Hans Reimann used some more - all in all 10 pieces - in his Internationales Volksliederbuch. Eine Sammlung ausländischer Volkslieder (Berlin, n. d. [1894], I, pp. 65-8; II, pp. 58-63; III, pp. 48-54). But these were exceptions. For reasons I don't understand editors of songbooks in Germany rarely cared about "Volkslieder" from Finland. In Britain it was not much different. There is one lone Finnish piece in James Duff Brown's and Alfred Moffat's Characteristic Songs and Dances of all Nations (London, 1901, p. 147), "Finland's Forest", which is a translation of "Suomen salossa".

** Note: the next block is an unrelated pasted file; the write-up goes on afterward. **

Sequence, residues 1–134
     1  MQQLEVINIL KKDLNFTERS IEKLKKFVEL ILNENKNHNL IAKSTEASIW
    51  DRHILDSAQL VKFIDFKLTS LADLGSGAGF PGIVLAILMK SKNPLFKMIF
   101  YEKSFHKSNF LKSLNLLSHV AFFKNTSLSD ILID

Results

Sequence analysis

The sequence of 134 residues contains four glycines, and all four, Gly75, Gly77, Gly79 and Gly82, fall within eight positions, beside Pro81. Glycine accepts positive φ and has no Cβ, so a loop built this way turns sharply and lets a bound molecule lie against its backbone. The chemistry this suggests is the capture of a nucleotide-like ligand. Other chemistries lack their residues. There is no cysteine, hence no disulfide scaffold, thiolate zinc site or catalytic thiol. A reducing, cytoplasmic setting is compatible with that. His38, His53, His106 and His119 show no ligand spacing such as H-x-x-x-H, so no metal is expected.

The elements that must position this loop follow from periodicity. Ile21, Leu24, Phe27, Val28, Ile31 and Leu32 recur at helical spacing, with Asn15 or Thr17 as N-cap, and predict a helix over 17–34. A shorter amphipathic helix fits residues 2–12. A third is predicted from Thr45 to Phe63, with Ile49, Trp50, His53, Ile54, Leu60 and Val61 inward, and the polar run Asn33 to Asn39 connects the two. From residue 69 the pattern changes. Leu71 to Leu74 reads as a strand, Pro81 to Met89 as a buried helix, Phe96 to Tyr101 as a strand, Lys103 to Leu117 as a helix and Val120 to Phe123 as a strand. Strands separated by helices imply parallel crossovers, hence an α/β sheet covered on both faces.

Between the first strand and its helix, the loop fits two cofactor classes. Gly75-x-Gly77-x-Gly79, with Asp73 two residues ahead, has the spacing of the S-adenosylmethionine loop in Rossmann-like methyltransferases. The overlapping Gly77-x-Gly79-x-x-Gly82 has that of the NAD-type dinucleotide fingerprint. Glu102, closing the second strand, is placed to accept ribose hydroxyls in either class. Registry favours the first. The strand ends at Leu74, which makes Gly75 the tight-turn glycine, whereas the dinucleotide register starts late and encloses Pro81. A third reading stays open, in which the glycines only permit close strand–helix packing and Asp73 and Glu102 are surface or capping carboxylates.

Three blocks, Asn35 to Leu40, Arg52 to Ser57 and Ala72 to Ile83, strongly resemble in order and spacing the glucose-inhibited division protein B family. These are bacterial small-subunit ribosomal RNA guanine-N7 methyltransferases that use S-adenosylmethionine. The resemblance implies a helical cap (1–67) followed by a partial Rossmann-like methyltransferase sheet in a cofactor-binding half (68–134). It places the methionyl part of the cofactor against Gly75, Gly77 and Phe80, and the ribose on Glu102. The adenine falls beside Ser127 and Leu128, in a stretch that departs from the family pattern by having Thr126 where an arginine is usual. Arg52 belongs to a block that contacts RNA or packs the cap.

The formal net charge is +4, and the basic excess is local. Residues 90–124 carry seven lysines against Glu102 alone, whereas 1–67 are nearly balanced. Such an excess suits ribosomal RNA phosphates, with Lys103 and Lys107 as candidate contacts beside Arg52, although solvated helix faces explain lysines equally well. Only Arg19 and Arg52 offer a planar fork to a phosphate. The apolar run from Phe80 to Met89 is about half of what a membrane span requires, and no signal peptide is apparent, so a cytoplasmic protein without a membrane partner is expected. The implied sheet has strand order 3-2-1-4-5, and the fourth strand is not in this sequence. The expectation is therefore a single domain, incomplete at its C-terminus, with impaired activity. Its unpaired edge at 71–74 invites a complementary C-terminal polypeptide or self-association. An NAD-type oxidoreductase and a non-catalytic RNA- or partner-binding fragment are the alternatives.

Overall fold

Meanwhile in Finland more collections were published: 
  • Suomalaisia Kansan-Lauluja. Koonut A. A. Borenius. Pianon myotäilykselle sovittanut G. Linsén, K. E. Holm, Helsinki, 1880 (available at SKS Digikirjasto
  • Sydän-Soumesta. 18 Kansanlauluja kesällä 1890 kokosivat Ilmari Krohn ja Mikko Nyberg sekä-Köorille sovitti Ilmari Krohn, 2 Vols., Porvoo, 1891-2 (available at SKS Digikirjasto
  • Johan Victor Tenkanen, Sävelsointuja. Uusia Suomalaisia Kansanlauluja y. m. Koonnut, Kvartetille ja sekä-ääniselle köörille Sovittanut, Mikkeli, 1898 (available at SKS Digikirjasto)